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Tragic proceedings - BSA looking to sell precious Norman Rockwell collection

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I actually have a number of friends who are color blind! And so was my hero, Mr. Rogers. In face, his color blindness was so severe that he never actually knew what color sweater he was wearing in each episode, and he couldn't tell the difference between pea soup and tomato soup except by tasting them. But he certainly seemed to get a lot of fulfilment out of his life nonetheless, and he passed that on to the children he inspired as well - I being one of them. ☺️

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My college roommate (and best friend) is color blind. We started a software company back in the late 90s to provide computer games for the blind primarily due to his color blindness and issues with video games.

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16 hours ago, The Latin Scot said:

And thus it is in life; about those things of which we know nothing, we seem to care but little; we never feel the lack of that with which we have never been filled, and thus we never know the magnitude to which our souls might have been expanded, nor the heights to which our joys might have reached.

I have been privileged to see two magnificent Rockwell exhibits in my life. Both deeply and thoroughly changed me.

One was back in 2013 at the Church History museum of The Church of Jesus Christ of Latter-day Saints in Salt Lake City while I was living up in Utah. The display was in celebration of the Church's hundred-year collaboration with the Boy Scouts of America, and featured nearly all of the paintings owned by the BSA loaned to the Church for the occasion. It was profoundly moving; I wasn't a Scouting leader then, but I was after all an Eagle Scout, and his paintings inspired me in such a way that I felt I had been spiritually prepared to take on the role of Scout leader when the call came not-quite two years later. There is a powerful, humane dignity to his art that reflects the nobility and heritage of what we are and what we do in Scouting; his paintings capture the best in us, and when I became a leader, I wanted to be the kind of person depicted in his paintings - full of mirth and excitement and fun, but also dignity and reverence and humanity.

A few years later at Brigham Young University (my alma mater), there was a tremendous exhibit of his works borrowed from the Stockbridge museum that included, among other works, the entirety of Rockwell's paintings for the Saturday Evening Post (323 covers!), his series of civil rights movement paintings, and various Scouting works. Again, a breathtaking exhibit that had me alternating between fits of delighted laughter and moments of profound reflection and tear-filled grief. It was, like the exhibit I saw before it, a life-altering experience. I think Rockwell's paintings stand as one of the greatest testaments of what Scouting has meant to this nation for over a hundred years, and they are, I would say, one of the organization's greatest treasures, worth as much as any property, campground, or financial asset, and with a value infinitely beyond that of their mere monetary worth.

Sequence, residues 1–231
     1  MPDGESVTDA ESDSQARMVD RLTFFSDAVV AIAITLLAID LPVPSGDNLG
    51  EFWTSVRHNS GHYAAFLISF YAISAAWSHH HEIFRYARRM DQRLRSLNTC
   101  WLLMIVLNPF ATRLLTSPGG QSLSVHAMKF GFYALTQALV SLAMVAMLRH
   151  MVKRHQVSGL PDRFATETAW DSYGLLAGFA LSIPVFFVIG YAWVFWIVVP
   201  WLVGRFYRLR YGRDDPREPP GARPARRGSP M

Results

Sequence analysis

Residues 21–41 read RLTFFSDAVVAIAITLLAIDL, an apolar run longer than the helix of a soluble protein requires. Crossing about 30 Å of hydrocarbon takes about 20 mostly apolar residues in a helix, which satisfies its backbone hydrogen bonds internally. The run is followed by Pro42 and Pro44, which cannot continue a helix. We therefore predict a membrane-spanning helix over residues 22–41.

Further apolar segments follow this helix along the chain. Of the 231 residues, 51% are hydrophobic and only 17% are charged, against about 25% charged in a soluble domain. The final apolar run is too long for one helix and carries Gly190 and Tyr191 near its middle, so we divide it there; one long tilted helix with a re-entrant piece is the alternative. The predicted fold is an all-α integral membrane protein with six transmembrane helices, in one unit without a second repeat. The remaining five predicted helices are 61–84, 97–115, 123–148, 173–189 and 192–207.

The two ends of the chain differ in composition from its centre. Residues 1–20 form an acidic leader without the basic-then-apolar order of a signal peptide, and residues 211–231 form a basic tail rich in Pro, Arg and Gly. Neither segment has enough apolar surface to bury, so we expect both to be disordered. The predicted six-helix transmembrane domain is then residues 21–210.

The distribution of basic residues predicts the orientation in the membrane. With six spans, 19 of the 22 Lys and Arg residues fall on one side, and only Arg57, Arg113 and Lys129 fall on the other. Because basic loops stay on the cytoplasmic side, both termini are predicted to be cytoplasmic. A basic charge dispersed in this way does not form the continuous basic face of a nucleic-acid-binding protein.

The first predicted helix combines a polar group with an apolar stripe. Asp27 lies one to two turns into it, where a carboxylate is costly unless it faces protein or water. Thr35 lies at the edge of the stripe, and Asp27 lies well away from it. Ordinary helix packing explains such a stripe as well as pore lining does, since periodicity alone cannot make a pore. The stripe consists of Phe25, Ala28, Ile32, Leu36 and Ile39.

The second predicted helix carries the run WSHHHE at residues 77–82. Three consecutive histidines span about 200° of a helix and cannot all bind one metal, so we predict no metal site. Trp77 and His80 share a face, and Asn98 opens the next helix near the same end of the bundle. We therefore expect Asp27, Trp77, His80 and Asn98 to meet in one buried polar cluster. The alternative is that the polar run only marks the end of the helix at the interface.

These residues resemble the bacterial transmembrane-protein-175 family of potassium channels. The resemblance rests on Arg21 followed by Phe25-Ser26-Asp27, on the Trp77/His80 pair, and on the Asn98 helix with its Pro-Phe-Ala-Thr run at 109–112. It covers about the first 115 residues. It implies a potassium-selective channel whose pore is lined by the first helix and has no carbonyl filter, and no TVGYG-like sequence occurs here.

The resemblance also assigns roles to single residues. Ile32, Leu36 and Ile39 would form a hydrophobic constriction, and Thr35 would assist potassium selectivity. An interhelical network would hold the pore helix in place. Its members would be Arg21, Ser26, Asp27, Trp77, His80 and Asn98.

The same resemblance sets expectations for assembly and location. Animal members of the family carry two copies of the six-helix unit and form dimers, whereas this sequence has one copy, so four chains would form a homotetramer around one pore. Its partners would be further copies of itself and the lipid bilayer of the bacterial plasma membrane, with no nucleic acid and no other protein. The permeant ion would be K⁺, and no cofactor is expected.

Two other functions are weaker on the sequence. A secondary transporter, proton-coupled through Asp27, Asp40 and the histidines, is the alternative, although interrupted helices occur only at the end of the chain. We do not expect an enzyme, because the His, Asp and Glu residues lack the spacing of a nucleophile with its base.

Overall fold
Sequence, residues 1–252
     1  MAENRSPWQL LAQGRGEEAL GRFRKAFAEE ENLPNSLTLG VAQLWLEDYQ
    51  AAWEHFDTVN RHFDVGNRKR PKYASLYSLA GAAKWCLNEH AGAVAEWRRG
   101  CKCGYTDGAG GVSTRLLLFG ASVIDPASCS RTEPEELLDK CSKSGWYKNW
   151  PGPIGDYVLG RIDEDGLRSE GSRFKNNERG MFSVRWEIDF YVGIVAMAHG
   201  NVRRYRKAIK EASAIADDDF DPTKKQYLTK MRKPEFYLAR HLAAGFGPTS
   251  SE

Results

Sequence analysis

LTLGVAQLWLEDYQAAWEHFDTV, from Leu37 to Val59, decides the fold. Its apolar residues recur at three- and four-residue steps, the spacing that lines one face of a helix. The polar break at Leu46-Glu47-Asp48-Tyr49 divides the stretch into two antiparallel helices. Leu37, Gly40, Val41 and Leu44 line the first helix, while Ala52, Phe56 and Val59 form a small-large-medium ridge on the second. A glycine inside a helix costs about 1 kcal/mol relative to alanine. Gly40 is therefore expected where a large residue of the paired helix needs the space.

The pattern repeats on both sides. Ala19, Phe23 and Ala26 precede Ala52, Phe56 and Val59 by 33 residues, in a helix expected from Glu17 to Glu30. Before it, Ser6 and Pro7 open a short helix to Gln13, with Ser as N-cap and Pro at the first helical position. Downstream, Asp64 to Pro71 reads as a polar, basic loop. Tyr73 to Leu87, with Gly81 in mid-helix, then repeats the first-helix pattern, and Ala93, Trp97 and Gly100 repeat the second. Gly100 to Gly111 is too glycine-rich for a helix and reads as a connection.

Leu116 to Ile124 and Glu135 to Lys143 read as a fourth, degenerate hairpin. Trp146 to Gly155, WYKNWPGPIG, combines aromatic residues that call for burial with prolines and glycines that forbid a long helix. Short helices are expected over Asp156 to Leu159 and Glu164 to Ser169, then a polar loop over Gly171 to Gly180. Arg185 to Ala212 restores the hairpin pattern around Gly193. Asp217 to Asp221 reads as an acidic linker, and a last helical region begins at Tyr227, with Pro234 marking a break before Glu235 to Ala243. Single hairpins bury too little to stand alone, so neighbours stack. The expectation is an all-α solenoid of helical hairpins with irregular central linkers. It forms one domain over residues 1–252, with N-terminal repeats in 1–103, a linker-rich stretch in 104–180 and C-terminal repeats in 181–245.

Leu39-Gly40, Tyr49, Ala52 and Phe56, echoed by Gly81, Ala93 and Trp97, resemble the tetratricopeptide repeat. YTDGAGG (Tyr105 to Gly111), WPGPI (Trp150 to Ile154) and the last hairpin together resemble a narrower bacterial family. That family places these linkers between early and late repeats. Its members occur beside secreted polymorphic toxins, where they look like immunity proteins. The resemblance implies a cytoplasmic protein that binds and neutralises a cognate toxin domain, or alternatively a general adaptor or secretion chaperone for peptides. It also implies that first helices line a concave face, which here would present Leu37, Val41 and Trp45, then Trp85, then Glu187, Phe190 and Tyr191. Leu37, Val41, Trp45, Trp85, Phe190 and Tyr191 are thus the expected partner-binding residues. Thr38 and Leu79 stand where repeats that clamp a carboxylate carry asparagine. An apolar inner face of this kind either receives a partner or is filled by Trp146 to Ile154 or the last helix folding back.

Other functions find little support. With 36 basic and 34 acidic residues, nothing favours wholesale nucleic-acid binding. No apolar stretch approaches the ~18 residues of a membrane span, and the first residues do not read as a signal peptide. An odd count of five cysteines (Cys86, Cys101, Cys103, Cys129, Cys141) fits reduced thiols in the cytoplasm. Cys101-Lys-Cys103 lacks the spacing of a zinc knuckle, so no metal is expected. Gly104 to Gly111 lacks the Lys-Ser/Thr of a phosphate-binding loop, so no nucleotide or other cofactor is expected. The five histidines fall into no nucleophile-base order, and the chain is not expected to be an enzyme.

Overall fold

I know my Scouting service has been hugely influenced by Rockwell's works. They have inspired me to be a better leader, a nobler person, a kinder servant, and a more faithful believer. I think that, for those with open hearts, they can be some of the greatest motivators Scouting can possibly offer. 

I love Norman Rockwell although for me the painter who rocked my world was Rembrandt. Rockwell traced most of his paintings from photographs; Rembrandt's were paintings from life that were so real, some of them look like photographs despite the fact they were painted in the 1600s. Amazing. 


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There is a profound difference in being able to view the ORIGINAL versus a book picture or even a projected image. 

Each brush stroke was dealt by a human hand. It was put there by the desire to capture ... what?  Something even a photograph can't capture.  

My dad attended an art school early on, thinking he might be a professional artist. Then the great depression interferred.  His friendship with the schools director Henry Hensche, continued and when I went off to summer camp , he and mom visited with Mr. Hensche,  I am the beneficiary of that visit,  years later, Hensche's portraits of my mom and dad, much younger, hang on my wall.  They are captured much better than any photo even of that time. 

Mr. Rockwell's work is much like that.  Wherever they hang, go and visit and view them. Soak up the "spirit" from which they sprang.  We can only hope, no matter their fiscal worth, that the new owner values their exhibition as much.

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